In the process of putting together the first edition of Petroleum News Bakken, we decided a geology lesson was needed.
Welcome to Petroleum News Bakken. I hope you like our first edition well enough to check in twice a month — first and third weeks.
Our editor, Ray Tyson, and I were born and raised in the Midwest; Ray in South Dakota, where he returned to live and work several years ago, and me in Minnesota.
But nothing prepared us for the shock of the oil boom in nearby states and provinces.
I’m staying in Alaska, focusing on the industry here, but Ray is building a news staff in the Williston basin, so if you’re an experienced reporter or retired geologist who prefers to work in cyberspace rather than report to an office, we may be the publication for you.
Bakken oil not produced directly from shaleThree things fascinated me as I worked on this first edition of Petroleum News Bakken.
The first was the fact that Bakken oil and gas is not produced from shale, the primary source rock for hydrocarbons. Rather, it comes from a dolomitic sandstone reservoir sandwiched between the Bakken shale that generated the oil, which, in turn, escaped into that reservoir. That’s where the drill bit goes; that’s where the oil is produced from. It’s called the Middle Bakken, but it’s not shale.
Tyson tells me it doesn’t matter. After all, the hydrocarbons initially come from the shale source rock.
Yeah, well, so does the oil in Alaska’s Prudhoe Bay field. But we don’t call Prudhoe a shale play.
(Admittedly, the Prudhoe reservoir is not sandwiched between its source rocks.)
Even more peculiar is the adjacent slide from one of Lynn Helm’s recent presentations. Note points 3 and 4. When Helms, the director of North Dakota’s Department of Minerals, was showing this slide to state legislators, he said, “I think it’s important to note that our geologists at the survey (North Dakota Geological Survey) have developed four or five critical elements it takes to generate a resource play. … We have them in two plays in North Dakota … the Bakken and the Three Forks.”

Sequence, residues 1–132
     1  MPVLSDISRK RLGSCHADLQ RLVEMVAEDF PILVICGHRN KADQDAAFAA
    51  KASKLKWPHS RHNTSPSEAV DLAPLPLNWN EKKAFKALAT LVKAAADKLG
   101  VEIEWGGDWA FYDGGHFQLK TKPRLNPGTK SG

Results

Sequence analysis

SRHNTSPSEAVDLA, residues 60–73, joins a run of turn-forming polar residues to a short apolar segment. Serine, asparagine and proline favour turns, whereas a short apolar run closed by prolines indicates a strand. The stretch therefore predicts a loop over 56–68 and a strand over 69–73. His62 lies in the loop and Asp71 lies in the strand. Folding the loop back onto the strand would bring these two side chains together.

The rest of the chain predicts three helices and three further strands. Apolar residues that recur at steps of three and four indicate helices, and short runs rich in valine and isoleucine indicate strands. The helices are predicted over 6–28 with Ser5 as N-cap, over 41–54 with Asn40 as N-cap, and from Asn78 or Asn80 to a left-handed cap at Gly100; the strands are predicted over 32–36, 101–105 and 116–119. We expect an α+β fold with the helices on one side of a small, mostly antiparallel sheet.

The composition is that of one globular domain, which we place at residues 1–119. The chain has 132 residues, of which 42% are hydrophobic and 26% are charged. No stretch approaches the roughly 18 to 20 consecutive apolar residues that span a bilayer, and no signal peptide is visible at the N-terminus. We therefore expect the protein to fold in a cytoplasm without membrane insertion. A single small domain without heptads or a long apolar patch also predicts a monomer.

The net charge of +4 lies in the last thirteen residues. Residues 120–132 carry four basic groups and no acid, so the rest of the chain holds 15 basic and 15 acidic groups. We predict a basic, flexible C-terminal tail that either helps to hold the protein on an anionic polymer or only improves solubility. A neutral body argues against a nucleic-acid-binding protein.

Reading points 3 and 4 of what constitutes a resource play — “Expulsion of hydrocarbons from source rocks into adjacent rocks” AND “Trapping of hydrocarbons in overlying and underlying reservoirs that are porous, but low permeability” — does this mean shale plays where the shale is drilled into, hydraulically fractured and produced are NOT resource plays? (My email address is email@example.com.)
Re-emergence of the railroadsThe second thing that fascinated me was the railroads. Hence, Vern Whitten’s stunning rail roadphoto on page 1.
My Dad, Hisle Cashman, and his father before him, were Great Northern Railway employees, and proud of it. At the time, Great Northern’s route was the northernmost transcontinental track in the United States. Completed in 1893, it was the only privately funded and successfully built, transcontinental railroad route in U.S. history. And, unlike its counterparts, no federal land grants were used for its construction.
Dad left the railroad to form his own business when I was just a kid, but he instilled in me a passion for trains, something I never lost.
I am very happy to see growth in the railroads, as I’m sure Ayn Rand would be if she were alive today. And so much of that expansion is because of shale oil and gas development in the Lower 48.
For all its devotion to high tech, North America’s greatness came from its natural resources.
Oil forced soThe third thing that grabbed my attention was the destinations of the existing and planned crude pipelines for transporting North Dakota, Montana and western Canada crude to market.